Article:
Urbanisation and biodiversity conservation in a rapidly changing environment
NEWS DIGEST – At the moment, the world is experiencing mass increase in human population growth. This is largely due to scientific (especially medicine) and technological advancement, where many sophisticated instruments and potent drugs are readily available to treat deadly diseases. In most regions across the world, particularly in Africa, people are moving from the rural to urban areas majorly for economic opportunities. This phenomenon is presently causing urban sprawl, that is, the expansion of an urban area into areas of countryside that surround it. Throughout this article, I will use the term urbanisation to refer to the general demographic processes by which the world’s cities are expanding, which is in line with the general views of many scientific scholars. Meanwhile, biodiversity is the variety of life forms, including genetic, species and ecosystems. On one hand, conservation is the wise use and management of natural resources.
Today, the world population stand at 7.6 billion and more than half of the population live in urban areas. It is predicted to reach more than 60% by 2050. Generally, this is accompanied by development. While it is good from the economic and growth viewpoint, it is bad from biodiversity conservation point of view, especially when such developmental activities lack Environmental Impact Assessments (EIAs) and fail to account for biodiversity conservation. Urban population in Nigeria has shown tremendous increase from 17.8% in 1970 to 49.4% in 2017. Currently, Nigeria is the most populous country in Africa, and globally the seventh with over 200 million. According to the Census Bureau of the United States, Nigeria’s population will reach 402 million by the year 2050, by 2100; the population could hit over 746 million. It will become the third most populated country in the world, superseding the United States.
Reported by the Nigeria National Bureau of Statistics, Kano State registered the highest population during the 2006 national population census with about 9,401,288 people. The expansion of socioeconomic activities in recent years, coupled with an increased flow of humans from rural areas and other States of the country led to rise in human population of Kano. The population rose from 5, 810, 470 in 1991 to 9, 401, 288 in 2006. As we all read this piece of article, nobody knows the exact population of the State after 13 years of general census! Consequently, biodiversity in Kano and Nigeria at large are under serious threat due to human population growth.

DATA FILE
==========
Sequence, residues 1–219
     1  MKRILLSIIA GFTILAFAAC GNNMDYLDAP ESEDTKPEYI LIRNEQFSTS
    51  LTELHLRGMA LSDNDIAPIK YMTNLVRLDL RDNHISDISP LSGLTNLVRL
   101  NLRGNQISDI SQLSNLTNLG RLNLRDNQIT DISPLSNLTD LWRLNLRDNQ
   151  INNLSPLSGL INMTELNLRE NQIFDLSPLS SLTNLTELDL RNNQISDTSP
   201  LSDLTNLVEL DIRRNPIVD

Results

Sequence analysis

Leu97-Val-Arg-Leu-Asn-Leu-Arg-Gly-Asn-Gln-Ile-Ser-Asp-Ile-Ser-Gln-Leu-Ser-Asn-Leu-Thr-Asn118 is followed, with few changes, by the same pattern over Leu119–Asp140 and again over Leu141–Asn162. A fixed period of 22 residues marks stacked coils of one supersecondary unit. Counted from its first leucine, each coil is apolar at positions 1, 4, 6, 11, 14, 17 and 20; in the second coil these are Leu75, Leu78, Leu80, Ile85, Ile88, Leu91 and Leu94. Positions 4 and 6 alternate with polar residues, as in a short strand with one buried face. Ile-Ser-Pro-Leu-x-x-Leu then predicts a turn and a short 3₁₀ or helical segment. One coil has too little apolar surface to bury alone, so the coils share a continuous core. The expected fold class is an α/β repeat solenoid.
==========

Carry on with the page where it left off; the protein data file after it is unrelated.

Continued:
Urbanization, which involves land-use changes and transformation of natural areas, for residential, commercial, and industrial activities have direct effects on biodiversity, through habitat loss and fragmentation, loss of inter-connectivity among species and their habitat, hence threatening their survival. Large construction/developmental activities such as mass housing and industrialization, for instance, causes loss or decrease in natural vegetation, micro/macro habitats, and biodiversity. Other effects of urbanization on biodiversity include insufficient foraging and breeding sites as a result of paved areas, decrease in species richness (number of species found in an area), biotic homogenization (replacement of native species by exotics), extinction of species (complete disappearance of plant or animal species), and noise pollution, which affects the ecology of many species.
In Kano, just two decades ago, there were many natural places designated as gardens and parks, which play a vital role in maintaining urban biodiversity. Presently, nearly all these parks have been lost and their remnants degraded due to urbanisation and poor management. Very clear examples of recent transformation of some of these natural areas are the two gardens along Maiduguri road, which have been replaced with a built mosque, school and filling station.